Stop-loss vets eligible for payment

By Tom Philpott: CNJ columnist

About 185,000 veterans who were forced by wartime “stop loss” orders to serve on active duty after enlistment contracts had expired, or past their approved retirement dates, are due a retroactive special payment of $500 for each extra month they served.

But these veterans must apply by Oct. 21 to get the extra money set aside in appreciation for the extra time they had to serve. Payments could total $640 million.

Through December, only about 15,000 veterans and current members had applied for “Retroactive Stop Loss Special Pay.” The average lump sum payment made to eligible Army veterans so far is $4500, said Army spokeswoman Jill Mueller. That suggests an average stop-loss period of nine months, considerably longer than was needed by any other service.

The universe of veterans eligible for retroactive stop loss pay was narrowed Dec. 19, 2009, by as much as 10 percent. On that date, at the Army’s urging, Congress ended eligibility for retroactive stop loss pay for veterans who, while in stop-loss status, had re-enlisted or extended their service obligation voluntarily and received a re-enlistment or extension bonus.

Army officials had advised that some soldiers with deployment orders in hand intentionally delayed re-enlistment while stateside because bonuses paid there are taxed. Knowing they would be deployed anyway under a stop loss order to preserve unit readiness, these soldiers waited to re-enlistment because bonuses earned in a combat area are exempt from federal taxes.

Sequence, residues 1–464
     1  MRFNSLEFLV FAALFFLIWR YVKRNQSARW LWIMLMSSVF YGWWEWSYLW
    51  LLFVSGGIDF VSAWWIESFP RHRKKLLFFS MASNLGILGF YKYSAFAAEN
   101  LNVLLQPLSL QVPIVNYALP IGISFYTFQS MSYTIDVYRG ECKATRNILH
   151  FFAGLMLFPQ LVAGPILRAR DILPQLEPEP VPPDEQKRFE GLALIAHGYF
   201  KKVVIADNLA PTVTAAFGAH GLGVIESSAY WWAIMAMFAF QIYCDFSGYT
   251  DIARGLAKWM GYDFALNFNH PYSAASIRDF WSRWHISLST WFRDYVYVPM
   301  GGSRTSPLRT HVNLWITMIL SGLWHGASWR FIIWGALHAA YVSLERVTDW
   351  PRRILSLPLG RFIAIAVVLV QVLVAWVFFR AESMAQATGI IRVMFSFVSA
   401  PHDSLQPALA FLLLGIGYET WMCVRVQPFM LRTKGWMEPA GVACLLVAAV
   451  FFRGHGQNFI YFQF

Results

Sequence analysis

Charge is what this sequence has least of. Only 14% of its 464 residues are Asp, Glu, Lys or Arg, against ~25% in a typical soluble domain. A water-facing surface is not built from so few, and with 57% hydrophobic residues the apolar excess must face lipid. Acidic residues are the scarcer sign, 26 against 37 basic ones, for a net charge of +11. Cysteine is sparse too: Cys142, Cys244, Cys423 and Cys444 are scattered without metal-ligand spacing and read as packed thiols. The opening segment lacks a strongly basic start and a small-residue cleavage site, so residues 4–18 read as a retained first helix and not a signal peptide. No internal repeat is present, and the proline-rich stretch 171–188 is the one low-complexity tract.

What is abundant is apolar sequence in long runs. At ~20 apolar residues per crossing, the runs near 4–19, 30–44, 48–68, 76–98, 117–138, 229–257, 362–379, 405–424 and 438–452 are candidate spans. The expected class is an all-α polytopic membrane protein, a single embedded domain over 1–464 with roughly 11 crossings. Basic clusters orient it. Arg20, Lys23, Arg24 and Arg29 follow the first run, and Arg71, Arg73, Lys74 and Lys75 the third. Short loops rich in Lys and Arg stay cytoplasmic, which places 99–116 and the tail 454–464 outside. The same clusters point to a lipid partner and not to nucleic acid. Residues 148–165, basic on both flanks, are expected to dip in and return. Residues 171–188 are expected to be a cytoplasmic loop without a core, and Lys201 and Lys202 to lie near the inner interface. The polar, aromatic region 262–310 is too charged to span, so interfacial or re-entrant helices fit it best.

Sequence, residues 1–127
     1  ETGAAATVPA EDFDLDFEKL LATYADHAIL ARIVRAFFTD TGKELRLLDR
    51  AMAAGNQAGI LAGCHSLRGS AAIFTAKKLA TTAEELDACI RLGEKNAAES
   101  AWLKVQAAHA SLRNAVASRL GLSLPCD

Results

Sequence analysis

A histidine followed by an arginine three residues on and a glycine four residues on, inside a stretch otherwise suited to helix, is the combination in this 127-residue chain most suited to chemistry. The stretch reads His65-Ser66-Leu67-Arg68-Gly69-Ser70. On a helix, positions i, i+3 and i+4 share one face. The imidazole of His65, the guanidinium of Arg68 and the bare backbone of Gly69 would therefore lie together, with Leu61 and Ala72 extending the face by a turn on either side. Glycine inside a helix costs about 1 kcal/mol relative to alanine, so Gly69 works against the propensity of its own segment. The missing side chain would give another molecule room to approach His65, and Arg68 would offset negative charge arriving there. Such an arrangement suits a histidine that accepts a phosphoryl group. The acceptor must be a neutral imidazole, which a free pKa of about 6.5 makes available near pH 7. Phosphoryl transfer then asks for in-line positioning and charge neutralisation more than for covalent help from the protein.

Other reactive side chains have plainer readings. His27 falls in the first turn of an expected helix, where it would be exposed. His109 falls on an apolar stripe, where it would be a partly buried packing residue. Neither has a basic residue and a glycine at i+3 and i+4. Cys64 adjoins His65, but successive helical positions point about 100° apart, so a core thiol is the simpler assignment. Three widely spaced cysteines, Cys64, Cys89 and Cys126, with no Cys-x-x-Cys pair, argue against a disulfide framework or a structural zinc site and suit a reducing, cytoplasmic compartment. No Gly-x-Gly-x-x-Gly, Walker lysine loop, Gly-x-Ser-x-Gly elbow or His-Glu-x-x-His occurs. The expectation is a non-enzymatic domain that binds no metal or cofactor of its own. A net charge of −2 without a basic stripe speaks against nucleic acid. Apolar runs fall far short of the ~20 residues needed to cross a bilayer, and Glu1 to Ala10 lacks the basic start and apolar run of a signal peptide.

The Army told Congress last spring that these soldiers shouldn’t be eligible for the retroactive stop loss payment nearing congressional approval. But language to limit payments this way was left out of the Fiscal Year 2009 War Supplemental Appropriations Act in June. As of Oct. 21, the services began processing retroactive stop loss payment applications.

Congress corrected the oversight in the appropriations bill signed last month, but not before at least a few hundred veteran soldiers and some airman who had re-enlisted while in stop loss status got retroactive stop loss pay. Marine Corps and Navy officials had anticipated the change in law and, by policy, never allowed retroactive payments to go to members who had re-enlisted or extended their service obligations while under stop loss.

The Army and Air Force had suspended processing retroactive stop loss pay applications from Dec. 19 until Jan. 5 when Defense officials verified the policy change with revised rules. They will not recoup any payments already made. But Retherford said the narrowing of eligibility was justified.

Army is the only service that still uses stop loss. As of Dec. 1, about 8700 soldiers were serving in stop loss status, derisively referred to as a “back door” draft. The stop loss breakdown was 4723 active duty soldiers, 3694 Army National Guard members and 279 Army Reserve personnel.

Starting this month, the Army no longer expects to have to deploy units using stop loss orders. Army Reserve and Guard units began mobilizing without stop loss last August and September. The last units with stop-loss soldiers should return from combat theaters in 2011.

Service officials are urging former stop loss veterans to file claims and readers of this column should help spread the word. Marine Corps spokeswoman Maj. Shawn Haney said the Corps has written to former stop-loss Marines at their last known address but could use help reaching others.